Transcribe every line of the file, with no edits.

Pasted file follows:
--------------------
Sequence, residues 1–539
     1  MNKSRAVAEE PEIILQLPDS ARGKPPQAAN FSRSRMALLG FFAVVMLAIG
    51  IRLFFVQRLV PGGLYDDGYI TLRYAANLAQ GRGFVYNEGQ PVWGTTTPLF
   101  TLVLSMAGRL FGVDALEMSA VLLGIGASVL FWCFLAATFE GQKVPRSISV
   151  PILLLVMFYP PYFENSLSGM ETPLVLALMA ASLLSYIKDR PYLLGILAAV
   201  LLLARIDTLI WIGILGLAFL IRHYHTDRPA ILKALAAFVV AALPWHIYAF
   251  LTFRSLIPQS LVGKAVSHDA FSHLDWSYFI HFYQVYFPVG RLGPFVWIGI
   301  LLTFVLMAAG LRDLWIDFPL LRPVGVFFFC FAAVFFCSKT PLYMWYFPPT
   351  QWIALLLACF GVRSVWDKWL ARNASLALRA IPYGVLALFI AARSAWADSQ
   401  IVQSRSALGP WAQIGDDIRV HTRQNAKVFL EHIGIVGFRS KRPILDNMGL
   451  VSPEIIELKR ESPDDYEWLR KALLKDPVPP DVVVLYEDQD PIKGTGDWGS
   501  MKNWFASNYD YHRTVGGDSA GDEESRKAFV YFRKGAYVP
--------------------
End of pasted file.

Sequence, residues 1–539
     1  MNKSRAVAEE PEIILQLPDS ARGKPPQAAN FSRSRMALLG FFAVVMLAIG
    51  IRLFFVQRLV PGGLYDDGYI TLRYAANLAQ GRGFVYNEGQ PVWGTTTPLF
   101  TLVLSMAGRL FGVDALEMSA VLLGIGASVL FWCFLAATFE GQKVPRSISV
   151  PILLLVMFYP PYFENSLSGM ETPLVLALMA ASLLSYIKDR PYLLGILAAV
   201  LLLARIDTLI WIGILGLAFL IRHYHTDRPA ILKALAAFVV AALPWHIYAF
   251  LTFRSLIPQS LVGKAVSHDA FSHLDWSYFI HFYQVYFPVG RLGPFVWIGI
   301  LLTFVLMAAG LRDLWIDFPL LRPVGVFFFC FAAVFFCSKT PLYMWYFPPT
   351  QWIALLLACF GVRSVWDKWL ARNASLALRA IPYGVLALFI AARSAWADSQ
   401  IVQSRSALGP WAQIGDDIRV HTRQNAKVFL EHIGIVGFRS KRPILDNMGL
   451  VSPEIIELKR ESPDDYEWLR KALLKDPVPP DVVVLYEDQD PIKGTGDWGS
   501  MKNWFASNYD YHRTVGGDSA GDEESRKAFV YFRKGAYVP